“I think ballet is the most challenging for me personally. And I also think that for me, it’s the most beautiful type of dancing,” she said.

Leave a Comment
More to Discover
About the Contributors
Sarah Krug (she/her)
Sophomore Sarah Krug is a reporter in the 2022-2023 school year. This is her first year in Nordic News. She is excited to learn how to write interesting and impactful articles for people to enjoy. By doing this, she is also hoping to improve her own writing skills and explore the world of journalism. Outside of Nordic, Sarah plays trombone in the school band, participates in various STEM activities, participates in Model UN and dances.
Siqi Li (she/her)
Siqi Li (she/her), Sports Editor
Senior Siqi Li is the Sports Editor for Nordic News for the 2022 -2023 school year. This is her second year on staff. This year, her goal is to write articles other than sports articles and meet all the deadlines. She also wants to use her talent to create meaningful and valued pieces. She hopes to continue to have fun and get better at Adobe. Outside of Nordic, Siqi is an IB diploma student, tennis manager for the Inglemoor tennis team, Vice- president of the Chinese club, and a painter. She also enjoys hanging out with friends, shopping, and eating.
Arushi Sharma (she/her)
Arushi Sharma (she/her), Co-Editor-in-Chief
Senior Arushi Sharma is Co-Editor-In-Chief of Nordic News for the 2022-2023 school year. She hopes to increase Nordic's engagement in her third year on the staff and allow for all voices in Inglemoor to be heard. She also hopes to provide the Inglemoor community with a diverse range of stories. In school, Arushi is also the president of Speech and Debate, and she is involved in Inglemoor's drama department. In her free time, Arushi enjoys reading, writing, spending time with her family and friends, and traveling. She is excited to see what this year has to offer, and is thrilled to work with this year's staff.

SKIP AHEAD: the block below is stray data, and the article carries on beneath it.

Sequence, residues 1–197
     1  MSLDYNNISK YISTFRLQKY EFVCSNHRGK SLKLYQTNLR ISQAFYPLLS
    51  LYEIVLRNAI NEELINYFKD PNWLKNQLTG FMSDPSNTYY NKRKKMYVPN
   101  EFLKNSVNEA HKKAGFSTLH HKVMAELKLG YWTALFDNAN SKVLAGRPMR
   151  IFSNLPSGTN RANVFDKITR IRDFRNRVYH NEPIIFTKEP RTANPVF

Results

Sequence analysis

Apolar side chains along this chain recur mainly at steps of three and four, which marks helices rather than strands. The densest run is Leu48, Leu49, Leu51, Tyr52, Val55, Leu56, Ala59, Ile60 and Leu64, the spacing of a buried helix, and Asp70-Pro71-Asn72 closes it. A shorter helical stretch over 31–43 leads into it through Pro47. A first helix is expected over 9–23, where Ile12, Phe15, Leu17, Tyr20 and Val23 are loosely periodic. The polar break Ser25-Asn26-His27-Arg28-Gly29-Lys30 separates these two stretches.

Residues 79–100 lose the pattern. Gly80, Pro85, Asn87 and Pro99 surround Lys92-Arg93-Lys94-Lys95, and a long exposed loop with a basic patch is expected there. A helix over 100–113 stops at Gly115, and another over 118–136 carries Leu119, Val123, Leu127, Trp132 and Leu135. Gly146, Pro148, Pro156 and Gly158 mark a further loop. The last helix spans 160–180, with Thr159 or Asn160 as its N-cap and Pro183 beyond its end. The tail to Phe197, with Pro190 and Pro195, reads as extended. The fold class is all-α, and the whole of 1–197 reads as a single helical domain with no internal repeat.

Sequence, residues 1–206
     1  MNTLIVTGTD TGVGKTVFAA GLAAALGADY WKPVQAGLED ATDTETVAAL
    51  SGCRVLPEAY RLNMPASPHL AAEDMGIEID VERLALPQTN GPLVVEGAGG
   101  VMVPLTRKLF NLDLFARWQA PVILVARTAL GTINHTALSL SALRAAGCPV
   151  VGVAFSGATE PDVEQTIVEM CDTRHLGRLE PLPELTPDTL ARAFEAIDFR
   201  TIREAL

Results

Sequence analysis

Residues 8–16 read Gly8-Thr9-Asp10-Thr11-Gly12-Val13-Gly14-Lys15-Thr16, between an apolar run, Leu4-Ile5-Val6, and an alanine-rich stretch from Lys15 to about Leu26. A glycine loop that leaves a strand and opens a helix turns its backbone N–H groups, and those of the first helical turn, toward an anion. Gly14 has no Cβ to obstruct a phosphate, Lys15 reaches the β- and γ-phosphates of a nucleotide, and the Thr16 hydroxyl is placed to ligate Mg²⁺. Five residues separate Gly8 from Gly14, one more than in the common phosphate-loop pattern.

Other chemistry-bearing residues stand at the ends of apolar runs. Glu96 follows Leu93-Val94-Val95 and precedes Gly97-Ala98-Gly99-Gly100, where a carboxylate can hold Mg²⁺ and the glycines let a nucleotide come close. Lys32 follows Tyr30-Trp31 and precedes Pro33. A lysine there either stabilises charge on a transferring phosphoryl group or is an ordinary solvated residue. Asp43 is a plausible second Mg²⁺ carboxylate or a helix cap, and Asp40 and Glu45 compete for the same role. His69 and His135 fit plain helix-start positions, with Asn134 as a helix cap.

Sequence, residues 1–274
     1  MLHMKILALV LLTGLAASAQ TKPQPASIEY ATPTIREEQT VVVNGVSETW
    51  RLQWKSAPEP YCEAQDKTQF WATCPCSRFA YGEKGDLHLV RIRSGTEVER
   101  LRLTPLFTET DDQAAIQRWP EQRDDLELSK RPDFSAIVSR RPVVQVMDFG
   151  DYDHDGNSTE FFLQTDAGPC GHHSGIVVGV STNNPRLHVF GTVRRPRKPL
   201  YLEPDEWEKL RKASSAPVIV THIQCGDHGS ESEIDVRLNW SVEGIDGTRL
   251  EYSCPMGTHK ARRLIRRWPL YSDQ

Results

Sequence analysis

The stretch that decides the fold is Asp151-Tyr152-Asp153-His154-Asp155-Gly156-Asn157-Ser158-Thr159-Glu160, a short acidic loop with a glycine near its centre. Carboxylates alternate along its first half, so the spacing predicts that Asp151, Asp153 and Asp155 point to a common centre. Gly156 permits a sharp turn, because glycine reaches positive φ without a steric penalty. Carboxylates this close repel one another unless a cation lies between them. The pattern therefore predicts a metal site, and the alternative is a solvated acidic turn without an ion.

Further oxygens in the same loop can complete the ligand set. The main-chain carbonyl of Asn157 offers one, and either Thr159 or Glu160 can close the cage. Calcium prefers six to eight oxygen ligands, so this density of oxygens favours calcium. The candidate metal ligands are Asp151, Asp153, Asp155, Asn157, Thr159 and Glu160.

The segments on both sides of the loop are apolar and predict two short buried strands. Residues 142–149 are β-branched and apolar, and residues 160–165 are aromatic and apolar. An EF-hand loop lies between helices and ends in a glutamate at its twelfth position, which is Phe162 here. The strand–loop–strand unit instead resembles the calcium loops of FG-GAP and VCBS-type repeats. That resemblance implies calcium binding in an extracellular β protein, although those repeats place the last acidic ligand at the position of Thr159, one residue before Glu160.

Jackie Su (she/her)
Jackie Su (she/her), Co-Editor-in-Chief
Senior Jackie Su is the Co-Editor in Chief of Nordic News. Outside of Nordic, she is also Co-President of DECA and a victim of the IB program. This year, she is excited to lead and mentor Nordic’s staff and continue to write thought-provoking pieces that challenge her community’s thinking. When she’s not studying or stressing about something, you’ll find her reading, playing the cello or buying unnecessary things. She also dabbles in social advocacy and is the renowned karaoke queen of Nordic.
William He (he/him)
William He (he/him), Junior Web Editor, Photo Editor
Junior William He embarks on his journey of the 2023-2024 school year as the Junior Web Editor and Photo Editor of Nordic News. In his third year on staff, Will aims to continue Nordic’s mission of serving the Inglemoor community by expanding the newspaper’s physical and digital presence by creating relevant, informative, and entertaining content. Outside of Nordic, Will is a full IB student and participates in DECA. 

Comments (0)

Please leave your name and email when commenting. Harmful or spam comments will be removed. Visit the comments policy tab for more info.
All Nordic News Picks Reader Picks Sort: Newest

Your email address will not be published. Required fields are marked *